Law schools generally require applicants to possess a baccalaureate degree. It is suggested that students interested in pre-law major in political science. Although law schools do not specify any one undergraduate major as being more appropriate than another for consideration for admission to their programs, applicants usually possess bachelor’s degrees in political science, history, economics, or accounting. Most recent Shepherd University graduates who have entered law schools have majored in political science. The criteria for admission are usually threefold: 1) the applicant’s overall grade-point average; 2) the score on the Law School Admission Test (LSAT); and 3) recommendations from major professors and from those who are familiar with the applicant’s character.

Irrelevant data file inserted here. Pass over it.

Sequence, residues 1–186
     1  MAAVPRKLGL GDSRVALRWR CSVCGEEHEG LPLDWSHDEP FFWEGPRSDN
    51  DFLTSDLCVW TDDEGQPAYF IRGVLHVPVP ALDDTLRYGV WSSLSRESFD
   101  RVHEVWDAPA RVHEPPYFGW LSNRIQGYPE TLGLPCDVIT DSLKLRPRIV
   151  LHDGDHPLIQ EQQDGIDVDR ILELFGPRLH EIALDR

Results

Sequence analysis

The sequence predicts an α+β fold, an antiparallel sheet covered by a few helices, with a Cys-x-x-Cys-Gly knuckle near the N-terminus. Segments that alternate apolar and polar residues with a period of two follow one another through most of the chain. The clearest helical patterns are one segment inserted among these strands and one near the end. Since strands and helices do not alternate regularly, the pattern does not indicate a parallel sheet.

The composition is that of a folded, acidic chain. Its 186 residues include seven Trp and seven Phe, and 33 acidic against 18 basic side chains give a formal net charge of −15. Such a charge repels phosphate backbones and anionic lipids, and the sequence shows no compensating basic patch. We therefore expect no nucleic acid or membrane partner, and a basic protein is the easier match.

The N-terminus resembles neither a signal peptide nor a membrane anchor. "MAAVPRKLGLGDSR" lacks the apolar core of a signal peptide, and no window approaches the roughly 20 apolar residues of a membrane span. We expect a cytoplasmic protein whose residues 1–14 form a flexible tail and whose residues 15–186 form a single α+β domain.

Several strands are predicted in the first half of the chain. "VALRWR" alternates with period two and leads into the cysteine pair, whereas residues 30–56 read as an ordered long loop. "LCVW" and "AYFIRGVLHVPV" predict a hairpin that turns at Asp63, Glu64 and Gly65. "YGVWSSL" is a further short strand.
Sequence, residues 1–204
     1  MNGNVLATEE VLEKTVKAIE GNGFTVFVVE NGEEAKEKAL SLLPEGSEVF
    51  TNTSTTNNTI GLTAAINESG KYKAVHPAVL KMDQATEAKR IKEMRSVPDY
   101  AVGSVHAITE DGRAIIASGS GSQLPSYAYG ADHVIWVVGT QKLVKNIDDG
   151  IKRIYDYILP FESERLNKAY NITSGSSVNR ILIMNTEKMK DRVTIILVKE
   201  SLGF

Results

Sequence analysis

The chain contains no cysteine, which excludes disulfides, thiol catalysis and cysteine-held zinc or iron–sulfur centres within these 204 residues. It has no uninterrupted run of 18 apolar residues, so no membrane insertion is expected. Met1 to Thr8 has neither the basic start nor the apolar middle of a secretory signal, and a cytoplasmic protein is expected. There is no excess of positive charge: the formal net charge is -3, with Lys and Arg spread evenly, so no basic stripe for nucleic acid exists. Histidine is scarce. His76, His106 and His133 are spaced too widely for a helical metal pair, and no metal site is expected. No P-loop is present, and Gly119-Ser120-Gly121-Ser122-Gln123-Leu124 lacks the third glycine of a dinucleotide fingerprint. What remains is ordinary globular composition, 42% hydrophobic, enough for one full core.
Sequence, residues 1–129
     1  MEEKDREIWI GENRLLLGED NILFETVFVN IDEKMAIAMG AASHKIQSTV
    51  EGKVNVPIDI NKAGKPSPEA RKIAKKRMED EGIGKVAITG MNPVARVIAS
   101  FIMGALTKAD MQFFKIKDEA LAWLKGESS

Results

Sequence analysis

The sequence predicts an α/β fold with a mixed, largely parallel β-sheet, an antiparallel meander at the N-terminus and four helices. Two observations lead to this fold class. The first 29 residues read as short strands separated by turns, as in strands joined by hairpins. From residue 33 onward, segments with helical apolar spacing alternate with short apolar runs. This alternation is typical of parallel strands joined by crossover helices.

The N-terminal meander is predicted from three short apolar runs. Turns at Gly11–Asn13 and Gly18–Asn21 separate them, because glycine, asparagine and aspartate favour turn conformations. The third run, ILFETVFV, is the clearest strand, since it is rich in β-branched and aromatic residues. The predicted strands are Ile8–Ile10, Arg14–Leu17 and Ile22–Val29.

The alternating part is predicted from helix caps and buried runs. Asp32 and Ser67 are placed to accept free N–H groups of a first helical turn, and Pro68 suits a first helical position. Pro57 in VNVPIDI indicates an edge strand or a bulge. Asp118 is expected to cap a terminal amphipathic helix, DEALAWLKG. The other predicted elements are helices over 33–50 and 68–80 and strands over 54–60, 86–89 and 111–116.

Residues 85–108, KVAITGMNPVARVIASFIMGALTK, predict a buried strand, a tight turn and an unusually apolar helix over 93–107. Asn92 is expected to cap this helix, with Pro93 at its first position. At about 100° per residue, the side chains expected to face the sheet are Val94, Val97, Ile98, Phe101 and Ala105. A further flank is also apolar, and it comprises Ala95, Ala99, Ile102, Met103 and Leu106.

The student who is interested in entering law school should plan an academic program that develops breadth of vocabulary and reading comprehension, written expression, discernment for subtleties of language and thought, analytical ability, and knowledge of governmental procedures and forms. One leading law school cautions that a pre-law student should be involved in an undergraduate curriculum “which is intellectually challenging and demanding and which requires rigorous academic discipline.” Another warns that applicants presenting courses “without intellectual content of substantial value” will not be considered. The pre-law advisor in the political science department is available for consultation and advisement, and can provide information about the Law School Admission Test.